US sanctions Russian agent for 2020 election interference efforts, alleged IRA trolls

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The Trump administration sanctioned four Russia-linked individuals for their efforts to interfere in the 2020 U.S. elections, the Treasury Department announced Thursday.

The Treasury’s Office of Foreign Assets Control (OFAC) is specifically sanctioning Andriy Derkach, a Ukrainian politician who has been an “active Russian agent for over a decade,” for his efforts to interfere in the 2020 U.S. presidential elections in the U.S., it said in a release.

Derkach waged a covert influence campaign that relied on edited audio taps and other materials meant to discredit U.S. officials, and sway public opinion, prior to Election Day, according to the Treasury Department.

“Derkach has directly or indirectly engaged in, sponsored, concealed, or otherwise been complicit in foreign interference in an attempt to undermine the upcoming 2020 U.S. presidential election,” OFAC said in the release.

OFAC is also sanctioning three members of the Russian government’s social media troll farm, the Internet Research Agency, which has interfered in previous U.S. election cycles — Artem Lifshits, Anton Andreyev, and Darya Aslanova.

As a result of the sanctions, Americans are generally prohibited from engaging in transactions with the four individuals. Business with entities that are 50% or more owned by the individuals is also blocked.

“Russia uses a variety of proxies to attempt to sow discord between political parties and drive internal divisions to influence voters as part of Moscow’s broader efforts to undermine democratic countries and institutions,” the Treasury said in a release. “In the United States, Russia has used a wide range of influence methods and actors to target our electoral process, including targeting U.S. presidential candidates.”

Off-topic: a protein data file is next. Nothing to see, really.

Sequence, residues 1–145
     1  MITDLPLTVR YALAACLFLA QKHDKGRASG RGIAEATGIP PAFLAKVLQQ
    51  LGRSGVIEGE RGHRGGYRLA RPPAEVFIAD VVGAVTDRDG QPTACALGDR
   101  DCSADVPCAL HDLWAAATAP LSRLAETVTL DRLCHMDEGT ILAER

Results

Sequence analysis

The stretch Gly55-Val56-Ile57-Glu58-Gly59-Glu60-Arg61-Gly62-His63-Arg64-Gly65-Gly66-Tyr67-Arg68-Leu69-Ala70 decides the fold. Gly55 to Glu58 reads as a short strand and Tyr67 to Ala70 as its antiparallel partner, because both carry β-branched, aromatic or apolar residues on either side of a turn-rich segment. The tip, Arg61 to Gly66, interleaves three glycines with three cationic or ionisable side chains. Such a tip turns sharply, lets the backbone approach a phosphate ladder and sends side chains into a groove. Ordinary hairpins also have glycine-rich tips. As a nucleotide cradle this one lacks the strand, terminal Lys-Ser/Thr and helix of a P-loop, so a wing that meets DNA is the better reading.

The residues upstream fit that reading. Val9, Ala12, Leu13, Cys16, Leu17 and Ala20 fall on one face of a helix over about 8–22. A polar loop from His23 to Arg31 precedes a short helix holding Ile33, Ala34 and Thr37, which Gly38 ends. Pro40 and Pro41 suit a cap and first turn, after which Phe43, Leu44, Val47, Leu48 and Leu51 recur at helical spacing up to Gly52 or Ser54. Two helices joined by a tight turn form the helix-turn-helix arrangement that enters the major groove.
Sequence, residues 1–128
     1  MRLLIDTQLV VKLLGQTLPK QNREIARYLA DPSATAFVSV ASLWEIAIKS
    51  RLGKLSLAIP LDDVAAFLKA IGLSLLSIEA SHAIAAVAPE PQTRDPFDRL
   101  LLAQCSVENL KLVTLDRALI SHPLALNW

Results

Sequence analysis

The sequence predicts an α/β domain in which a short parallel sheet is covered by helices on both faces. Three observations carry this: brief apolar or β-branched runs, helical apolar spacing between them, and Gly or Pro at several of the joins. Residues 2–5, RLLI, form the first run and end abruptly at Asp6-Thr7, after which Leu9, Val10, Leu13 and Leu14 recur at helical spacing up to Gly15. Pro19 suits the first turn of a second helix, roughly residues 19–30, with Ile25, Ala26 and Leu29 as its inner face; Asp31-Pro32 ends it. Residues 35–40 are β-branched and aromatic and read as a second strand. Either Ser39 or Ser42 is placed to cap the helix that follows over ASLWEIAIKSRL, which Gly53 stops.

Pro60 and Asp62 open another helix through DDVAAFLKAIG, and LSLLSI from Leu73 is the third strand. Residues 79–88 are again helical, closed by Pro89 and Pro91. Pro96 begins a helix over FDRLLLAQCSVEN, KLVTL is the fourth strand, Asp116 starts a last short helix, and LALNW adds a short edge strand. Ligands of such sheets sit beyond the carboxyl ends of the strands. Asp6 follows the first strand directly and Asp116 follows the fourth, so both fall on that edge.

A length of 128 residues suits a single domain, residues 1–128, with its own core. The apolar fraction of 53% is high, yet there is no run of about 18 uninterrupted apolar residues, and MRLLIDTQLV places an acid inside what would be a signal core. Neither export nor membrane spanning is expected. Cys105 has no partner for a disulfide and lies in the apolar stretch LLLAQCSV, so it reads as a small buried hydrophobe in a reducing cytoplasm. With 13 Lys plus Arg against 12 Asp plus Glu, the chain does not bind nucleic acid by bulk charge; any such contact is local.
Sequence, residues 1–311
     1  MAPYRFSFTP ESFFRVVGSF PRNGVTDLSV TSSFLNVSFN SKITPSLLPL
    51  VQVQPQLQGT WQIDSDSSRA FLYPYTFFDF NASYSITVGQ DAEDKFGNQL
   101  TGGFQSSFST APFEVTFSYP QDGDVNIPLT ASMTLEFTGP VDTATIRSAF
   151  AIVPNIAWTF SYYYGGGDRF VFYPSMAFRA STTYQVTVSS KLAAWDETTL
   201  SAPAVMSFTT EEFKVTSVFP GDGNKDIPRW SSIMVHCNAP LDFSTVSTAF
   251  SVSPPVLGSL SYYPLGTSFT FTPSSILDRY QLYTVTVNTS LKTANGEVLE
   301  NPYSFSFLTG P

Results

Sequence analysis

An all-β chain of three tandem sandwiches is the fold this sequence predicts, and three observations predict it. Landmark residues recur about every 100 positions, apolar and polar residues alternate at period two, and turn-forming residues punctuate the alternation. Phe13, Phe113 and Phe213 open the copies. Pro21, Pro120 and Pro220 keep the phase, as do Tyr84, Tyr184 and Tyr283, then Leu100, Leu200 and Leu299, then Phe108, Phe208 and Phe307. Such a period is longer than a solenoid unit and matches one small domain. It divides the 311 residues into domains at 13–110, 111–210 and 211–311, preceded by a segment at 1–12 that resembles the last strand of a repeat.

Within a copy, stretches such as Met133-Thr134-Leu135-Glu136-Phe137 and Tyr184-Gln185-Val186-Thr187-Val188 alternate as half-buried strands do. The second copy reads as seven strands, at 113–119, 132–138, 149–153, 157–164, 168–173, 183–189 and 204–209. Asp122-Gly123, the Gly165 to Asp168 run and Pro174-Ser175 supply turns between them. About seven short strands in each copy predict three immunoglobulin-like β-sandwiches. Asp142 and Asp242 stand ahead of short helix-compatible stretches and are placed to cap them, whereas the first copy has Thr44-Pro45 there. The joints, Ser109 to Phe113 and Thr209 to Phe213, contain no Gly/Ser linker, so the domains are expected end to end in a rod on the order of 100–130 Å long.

The announcement comes one week after 11 Democratic Senators urged the Trump administration to sanction individuals or entities involved in efforts to interfere in the presidential elections, including Russian individuals. They specifically identified Derkach’s apparent efforts to influence politics in the U.S., including allegations that he, in recent months, shared recordings mean to appear critical of Democratic presidential nominee Joe Biden. The tapes appeared to be an effort to expose his role in the U.S. government’s effort to tamp down on corruption in Ukraine, and although they did not reveal any new information, Derkach also is accused of running other operations to smear Biden’s name.

The Trump administration has recently come under fire for the way it is interpreting and sharing information gleaned from intelligence on Russian efforts to interfere in the 2020 presidential elections. A senior Department of Homeland Security official accused the acting DHS secretary of directing him to withhold intelligence about Russian election interference for fear it would make President Donald Trump “look bad,” according to a whistleblower complaint made public Wednesday. The acting secretary, Chad Wolf, had also allegedly ordered the DHS official to begin reporting on threats from China and Iran.

But national security officials have raised questions in recent days about whether the administration has inappropriately elevated interference threats from China, according to Politico.

The Office of the Director of National Intelligence issued a statement last month saying that while Russia wants to “publicly denigrate” Democratic presidential candidate Joe Biden, China “prefers that President Trump — whom Beijing sees as unpredictable — does not win reelection,” and Iran wants to undermine Trump.